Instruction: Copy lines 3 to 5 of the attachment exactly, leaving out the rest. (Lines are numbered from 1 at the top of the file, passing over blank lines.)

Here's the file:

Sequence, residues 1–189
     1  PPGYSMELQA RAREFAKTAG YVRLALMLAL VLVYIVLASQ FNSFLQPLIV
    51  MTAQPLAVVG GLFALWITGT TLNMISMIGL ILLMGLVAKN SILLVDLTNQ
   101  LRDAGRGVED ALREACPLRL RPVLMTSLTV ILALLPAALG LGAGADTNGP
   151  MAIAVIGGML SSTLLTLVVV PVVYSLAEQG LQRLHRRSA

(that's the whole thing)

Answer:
    51  MTAQPLAVVG GLFALWITGT TLNMISMIGL ILLMGLVAKN SILLVDLTNQ
   101  LRDAGRGVED ALREACPLRL RPVLMTSLTV ILALLPAALG LGAGADTNGP
   151  MAIAVIGGML SSTLLTLVVV PVVYSLAEQG LQRLHRRSA